Scottish National Dictionary (1700–)
GLOWER, v., n. Also †glowr(e), †glour, ¶glouwer (Sh. 1916 J. Burgess Rasmie's Smaa Murr, Maerch 1). [′glʌu(ə)r]
I. v. 1. intr. To stare with wide-open eyes, to gaze intently and curiously. Sometimes followed by at, o(w)er. Gen.Sc. Ppl.adj. glourin(g), staring, “having large staring eyes, with a somewhat silly look” (Bnff. 1866 Gregor D. Bnff. 66).
Sc. 1721 Ramsay Poems (S.T.S.) I. 52:
My Mither's ay glowran o'er me, Tho she did the same before me. Edb. 1773 R. Fergusson Poems (1925) 14:
Now stair-head critics . . . . . . wi' glouring eye, Their neighbours sma'est faults descry. Abd. 1778 A. Ross Helenore 72:
And frae the ill o't sain'd her o'er and o'er, And round about with mazerment gan glowr. Ayr. 1790 Burns Tam o' Shanter 143–144:
As Tammie glowr'd, amaz'd and curious, The mirth and fun grew fast and furious. Sc. 1816 Scott Antiquary xxiv.:
Monkbarns was glowering ower a' the silver yonder. Rxb. 1847 J. Halliday Rustic Bard 142:
He glow'rs as if he'd burst his vera een. Ags. 1928 Scots Mag. (July) 272:
Auld Weelum himsel cam' hirplin in, his muckle reid een glowerin' in the black face o' him like a varra deil's.
Hence glowrer, glourer, one who stares; also glourie, id. (Jam.5), glowrie,†a nickname for the Devil.
Sc. 1715 J. Clerk Memoirs (S.H.S.) 86:
He called to a friend . . . that if he pleased the Glourers might come in, meaning the Gazers and such who rather out of curiosity than sympathy or duty attend the sick till their breath go out. Rnf. 1863 J. Nicholson Kilwuddie (1876) 135:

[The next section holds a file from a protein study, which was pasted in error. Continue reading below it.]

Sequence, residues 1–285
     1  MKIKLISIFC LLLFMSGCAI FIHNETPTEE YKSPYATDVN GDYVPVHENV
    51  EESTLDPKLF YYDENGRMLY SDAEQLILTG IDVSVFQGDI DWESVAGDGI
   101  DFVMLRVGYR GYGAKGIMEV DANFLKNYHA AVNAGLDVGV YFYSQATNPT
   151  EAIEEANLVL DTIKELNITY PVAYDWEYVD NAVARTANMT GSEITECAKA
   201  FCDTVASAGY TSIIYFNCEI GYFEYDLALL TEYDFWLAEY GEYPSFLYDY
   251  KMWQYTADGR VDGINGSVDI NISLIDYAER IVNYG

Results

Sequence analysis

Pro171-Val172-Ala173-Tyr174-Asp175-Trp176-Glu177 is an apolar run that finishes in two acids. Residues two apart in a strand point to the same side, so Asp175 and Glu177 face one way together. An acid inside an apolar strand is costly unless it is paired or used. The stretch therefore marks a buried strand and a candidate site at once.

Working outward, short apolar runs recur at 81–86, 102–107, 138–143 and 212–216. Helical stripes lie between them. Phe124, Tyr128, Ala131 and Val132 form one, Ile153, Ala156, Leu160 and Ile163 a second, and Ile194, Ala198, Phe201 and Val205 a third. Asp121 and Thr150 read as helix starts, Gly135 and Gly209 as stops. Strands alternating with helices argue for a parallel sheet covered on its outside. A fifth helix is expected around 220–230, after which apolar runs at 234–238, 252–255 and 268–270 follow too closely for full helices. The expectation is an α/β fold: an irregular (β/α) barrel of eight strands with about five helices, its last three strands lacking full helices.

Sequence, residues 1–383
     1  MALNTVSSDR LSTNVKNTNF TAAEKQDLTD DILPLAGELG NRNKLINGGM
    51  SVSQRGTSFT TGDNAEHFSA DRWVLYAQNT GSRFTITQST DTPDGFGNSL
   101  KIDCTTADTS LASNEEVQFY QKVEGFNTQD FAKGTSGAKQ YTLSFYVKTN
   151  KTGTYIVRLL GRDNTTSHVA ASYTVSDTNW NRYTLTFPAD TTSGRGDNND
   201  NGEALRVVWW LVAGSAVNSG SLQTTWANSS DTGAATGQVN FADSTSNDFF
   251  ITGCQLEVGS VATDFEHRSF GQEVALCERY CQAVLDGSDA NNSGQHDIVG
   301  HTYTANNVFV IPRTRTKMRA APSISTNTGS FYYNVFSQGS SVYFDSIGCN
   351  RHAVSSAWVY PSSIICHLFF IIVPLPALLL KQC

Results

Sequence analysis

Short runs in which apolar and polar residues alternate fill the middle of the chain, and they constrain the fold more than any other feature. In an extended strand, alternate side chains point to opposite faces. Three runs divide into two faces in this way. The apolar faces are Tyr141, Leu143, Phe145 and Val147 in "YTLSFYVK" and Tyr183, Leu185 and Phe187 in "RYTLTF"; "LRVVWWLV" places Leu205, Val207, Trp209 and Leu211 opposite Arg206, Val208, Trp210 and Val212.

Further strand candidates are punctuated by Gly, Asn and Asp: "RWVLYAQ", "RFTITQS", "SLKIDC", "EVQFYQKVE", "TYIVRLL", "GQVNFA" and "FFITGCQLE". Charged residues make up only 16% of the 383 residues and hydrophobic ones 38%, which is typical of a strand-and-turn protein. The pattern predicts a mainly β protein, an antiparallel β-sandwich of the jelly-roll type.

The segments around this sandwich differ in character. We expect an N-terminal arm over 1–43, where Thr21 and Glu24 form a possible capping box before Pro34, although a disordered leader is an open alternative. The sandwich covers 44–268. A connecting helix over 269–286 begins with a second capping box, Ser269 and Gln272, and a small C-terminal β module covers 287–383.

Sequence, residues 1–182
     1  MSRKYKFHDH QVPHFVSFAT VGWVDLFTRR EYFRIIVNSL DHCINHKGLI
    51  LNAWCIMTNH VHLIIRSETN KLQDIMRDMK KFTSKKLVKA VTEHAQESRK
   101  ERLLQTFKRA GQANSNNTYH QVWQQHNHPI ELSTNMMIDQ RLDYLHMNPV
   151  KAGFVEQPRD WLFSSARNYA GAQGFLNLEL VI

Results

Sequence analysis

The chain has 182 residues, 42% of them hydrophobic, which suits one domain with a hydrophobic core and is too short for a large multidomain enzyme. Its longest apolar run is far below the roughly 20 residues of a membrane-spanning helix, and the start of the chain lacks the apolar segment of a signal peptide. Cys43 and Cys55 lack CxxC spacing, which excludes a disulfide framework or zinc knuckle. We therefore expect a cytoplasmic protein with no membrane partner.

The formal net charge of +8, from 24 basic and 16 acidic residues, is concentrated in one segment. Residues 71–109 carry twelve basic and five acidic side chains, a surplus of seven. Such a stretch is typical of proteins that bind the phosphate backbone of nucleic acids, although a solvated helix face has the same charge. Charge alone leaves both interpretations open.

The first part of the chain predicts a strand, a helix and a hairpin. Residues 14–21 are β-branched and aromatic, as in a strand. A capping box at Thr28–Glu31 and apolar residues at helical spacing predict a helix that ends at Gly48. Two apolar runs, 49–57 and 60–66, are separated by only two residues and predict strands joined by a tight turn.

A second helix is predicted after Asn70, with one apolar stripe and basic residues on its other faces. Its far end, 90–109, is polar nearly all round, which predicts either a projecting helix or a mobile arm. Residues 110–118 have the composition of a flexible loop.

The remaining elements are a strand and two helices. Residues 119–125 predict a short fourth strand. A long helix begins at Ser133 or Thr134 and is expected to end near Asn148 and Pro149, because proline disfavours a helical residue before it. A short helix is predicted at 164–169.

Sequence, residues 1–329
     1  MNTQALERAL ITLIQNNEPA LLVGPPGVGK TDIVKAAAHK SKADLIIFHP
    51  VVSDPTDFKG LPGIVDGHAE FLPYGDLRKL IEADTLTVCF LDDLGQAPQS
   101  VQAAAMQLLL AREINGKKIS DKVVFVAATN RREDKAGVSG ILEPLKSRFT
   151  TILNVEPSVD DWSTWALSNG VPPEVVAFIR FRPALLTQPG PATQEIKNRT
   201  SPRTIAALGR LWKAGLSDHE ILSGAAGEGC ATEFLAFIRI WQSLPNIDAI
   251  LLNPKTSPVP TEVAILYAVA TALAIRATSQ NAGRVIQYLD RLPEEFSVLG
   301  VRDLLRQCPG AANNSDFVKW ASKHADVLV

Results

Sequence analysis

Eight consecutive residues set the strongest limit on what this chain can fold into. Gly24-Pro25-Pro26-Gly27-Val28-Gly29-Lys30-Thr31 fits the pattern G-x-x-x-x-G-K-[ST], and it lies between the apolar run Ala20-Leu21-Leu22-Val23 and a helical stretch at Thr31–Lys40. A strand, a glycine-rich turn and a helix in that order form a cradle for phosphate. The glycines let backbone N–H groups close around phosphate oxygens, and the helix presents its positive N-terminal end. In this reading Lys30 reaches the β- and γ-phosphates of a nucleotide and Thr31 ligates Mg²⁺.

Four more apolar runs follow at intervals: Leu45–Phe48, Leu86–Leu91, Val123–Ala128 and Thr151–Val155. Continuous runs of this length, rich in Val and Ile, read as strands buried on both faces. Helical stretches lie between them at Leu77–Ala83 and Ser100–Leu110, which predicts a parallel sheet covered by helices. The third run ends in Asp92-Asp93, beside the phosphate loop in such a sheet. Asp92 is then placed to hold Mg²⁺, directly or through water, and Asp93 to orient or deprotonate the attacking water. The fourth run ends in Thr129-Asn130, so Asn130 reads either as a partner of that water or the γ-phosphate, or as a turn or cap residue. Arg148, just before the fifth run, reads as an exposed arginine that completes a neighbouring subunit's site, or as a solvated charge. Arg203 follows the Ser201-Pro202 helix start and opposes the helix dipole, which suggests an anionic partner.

An' pu's my moustache for a kiss, In spite o' baith glowrers and gapers. Ork. 1912 Old-Lore Misc. V. i. 7:
If glowrie gets you in his cleuks, He'll grind you as sma' as fower an' twenty sillo' heuks.
Also used quasi-tr.:
Lth. 1801 J. Thomson Poems 73:
They cou'd hae a' wi' better grace Then glowr'd the tenants i' the face. ne.Sc. 1881 W. Gregor Folk-Lore 199:
As it was the belief among the agricultural population that cows' milk could be taken away, so among the fishing population it was believed the fish could be taken away. This power of taking away the fish was in the eye, and such as had the power “glowrt the fish oot o' the boat” merely by a look.
‡2. Of the moon, sun, stars: to gleam, shine clearly.
Ayr. 1785 Burns Death & Dr Hornbook iv.:
The rising moon began to glowr The distant Cumnock Hills out-owre. Abd. 1790 A. Shirrefs Poems 220:
But tho' they had a glowring moon, Some peel'd their nise, some brak' their crown. Ags. 1845 P. Livingston Poems 65:
'Twas Sabbath e'en: the setting sun O'er Sidlaw hills was glow'ring. Ayr. 1887 J. Service Dr Duguid 230:
When we left the toon, it was a glowerin' nicht, the stars were skeenklin' up i' the lift. Sc. a.1894 Stevenson New Poems (1918) 117:
The mune glowered, and the wind blew.
3. Of a drunk person: to be at the glassy-eyed stage of intoxication. Hence glourin'-fow (Sc. 1911 S.D.D. Add.). Gen.Sc.
Sc. 1721 Ramsay Poems (S.T.S.) I. 12:
Fou closs we us'd to drink and rant, Until we did baith glowre and gaunt. Ayr. 1789 D. Sillar Poems 38: